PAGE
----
[C]Mr. Patrick McGinty, an Irishman of note,
Came [Dm]into fortune and bought him[G7]self a goat.
Said [C]he "sure
o' goat's milk, I mean to have my[A7] fill"
But [Dm]when he got his nanny home, [C]he [G7]found it was a [C]bill.
[C]all the ladies that live in Killaloo,
They're [G]all wearin' bustles like their mothers used to do.
turned [C]a bolster [D]beneath [G7]their [C]petticoats
And they [Dm]leave the rest to [G7]providence [C]and Paddy [F]McGinty's
Little Laura McHardy, the night was goin' to tie,
She washed out her trousseau and hung it out to dry.
goat came along and he saw the bits of white.
He chewed up all her falderals & on her weddin' night.
"Oh, turn out
the light," she hollered out to Pat,
"Although I'm your bride, I'm not worth lookin' at.
I had two of everything - I
told you when I wrote -
Now I've one of nothing all for Paddy McGinty's Goat."
Mickey Reilly to the races t'other day,
He won 20 dollars and shouted, "Hip-hooray."
He held up the note, and
said, "Look what I've got,"
The goat came up and grabbed it and swallered all the lot.
"He swallowed up me bank notes,"
said Mickey with a hump.
They ran for the doctor and he brought his stomach pump.
They pumped and pumped for the 20-dollar
But he wound up with no money all for Paddy McGinty's goat.
Mrs. Berg said to her daughter, "Listen, Mary Jane.
Who was the old man you were neckin' in the lane?
long wiry whiskers all hangin' from his chin."
"'Twas only Paddy McGinty's goat," she answered with a grin.
went away from the village in disgrace,
Came back with powder and paint on her face,
Rings on 'er fingers and wearin'
a sable coat.
You can bet you hat she didn't get that from Paddy McGinty's goat
At the risk of sounding Irish, I can honestly say that my unexpected success as a recording artist really found its
beginnings on television. To fully explain that, I'll need to take you back a few years, in fact, to the late fifties.
main claim to fame at that time was a weekly thirty-minute radio show on what was then known as the BBC Light Programme. Each
Tuesday morning at ten o'clock, presented my own half hour of music and light-hearted banter. Instead of playing recorded
music however, we had a small studio orchestra. I sang folk-songs with my own guitar, songs with the orchestra, read amusing
letters from listeners and tried when possible to cater for special requests. It was all great fun and happily, popular enough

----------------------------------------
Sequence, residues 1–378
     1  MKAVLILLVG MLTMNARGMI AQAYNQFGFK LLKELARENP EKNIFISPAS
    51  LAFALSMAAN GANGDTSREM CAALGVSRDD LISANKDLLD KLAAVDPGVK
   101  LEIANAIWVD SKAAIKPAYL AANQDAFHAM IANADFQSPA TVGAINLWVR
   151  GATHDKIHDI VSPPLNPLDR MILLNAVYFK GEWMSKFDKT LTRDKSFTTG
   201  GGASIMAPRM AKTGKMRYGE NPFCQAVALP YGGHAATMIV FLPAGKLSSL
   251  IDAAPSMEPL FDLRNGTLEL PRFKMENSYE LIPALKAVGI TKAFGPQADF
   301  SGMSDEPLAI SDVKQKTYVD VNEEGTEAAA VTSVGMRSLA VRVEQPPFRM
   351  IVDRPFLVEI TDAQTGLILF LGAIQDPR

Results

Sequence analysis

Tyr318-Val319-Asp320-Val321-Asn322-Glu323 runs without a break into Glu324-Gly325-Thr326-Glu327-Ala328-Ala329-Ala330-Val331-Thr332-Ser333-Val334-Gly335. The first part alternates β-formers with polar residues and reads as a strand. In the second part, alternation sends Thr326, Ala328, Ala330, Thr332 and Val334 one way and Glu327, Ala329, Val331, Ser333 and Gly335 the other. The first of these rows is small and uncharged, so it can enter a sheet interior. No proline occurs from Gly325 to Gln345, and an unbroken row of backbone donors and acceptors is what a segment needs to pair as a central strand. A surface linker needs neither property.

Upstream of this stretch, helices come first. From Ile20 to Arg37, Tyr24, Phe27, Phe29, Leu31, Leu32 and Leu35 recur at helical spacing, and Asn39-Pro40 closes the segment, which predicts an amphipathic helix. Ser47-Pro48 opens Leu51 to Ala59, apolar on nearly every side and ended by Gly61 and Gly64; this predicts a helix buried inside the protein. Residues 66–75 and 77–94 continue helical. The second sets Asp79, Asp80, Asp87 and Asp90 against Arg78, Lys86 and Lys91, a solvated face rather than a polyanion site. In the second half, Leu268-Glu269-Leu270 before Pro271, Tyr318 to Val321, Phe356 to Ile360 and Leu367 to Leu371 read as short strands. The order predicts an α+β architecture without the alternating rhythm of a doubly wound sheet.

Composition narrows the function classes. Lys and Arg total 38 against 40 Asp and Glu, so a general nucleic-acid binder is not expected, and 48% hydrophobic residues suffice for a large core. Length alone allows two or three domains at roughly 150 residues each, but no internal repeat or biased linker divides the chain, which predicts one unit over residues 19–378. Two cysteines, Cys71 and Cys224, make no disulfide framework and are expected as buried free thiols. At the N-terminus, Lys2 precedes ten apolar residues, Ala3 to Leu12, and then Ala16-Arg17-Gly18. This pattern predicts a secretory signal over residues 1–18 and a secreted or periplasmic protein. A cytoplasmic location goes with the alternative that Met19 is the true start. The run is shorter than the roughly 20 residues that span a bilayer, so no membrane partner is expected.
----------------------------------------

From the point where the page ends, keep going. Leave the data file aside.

to run over several years. The whole process enabled me to build a formidable and varied repertoire and thankfully a sizeable
listening audience. As a result I was offered personal appearances as a cabaret guest at various functions, concerts etc...
As months went by, people kept asking me, 'Why can't we get any records of you wing these unusual little songs?' With the
prospect of a recording deal in mind, I put together some tapes of the radio shows, my only form of audition material, and
planned a sales trip around the various record companies, EMI, HMV, Decca and others. Sadly, the exercise was fruitless, they
showed no interest whatever.
Soon we were in the sixties. My radio show was gaining in popularity, my personal appearance
money had increased, and the one-night stands to a large extent, were replaced by weekly engagements at clubs up and down
the country. As a bonus, my radio producer invited me to write some of the orchestral backing to my songs with the studio
orchestra, a labour of love which was to bring me some six times the fee I was getting for the show. (For devising, writing
and presenting the show, together with about five vocal contributions a week, I was paid eight guineas, that's about eight
pounds, eight shillings — Chris Evans, eat your heart out!) As far as I was concerned, I was doing very nicely. This
was after all, back in the early sixties and believe me, that was the sort money paid by The B.B.C.
Then in early 1964 came a sequence of events which prompted my then manager Eve Taylor to sit back in her office chair,
shuke her head and say, 'Well if Hollywood was to make a movie of this nobody would believe a word of it. Val Doonican
The Paddy McGinty's Goat Singer.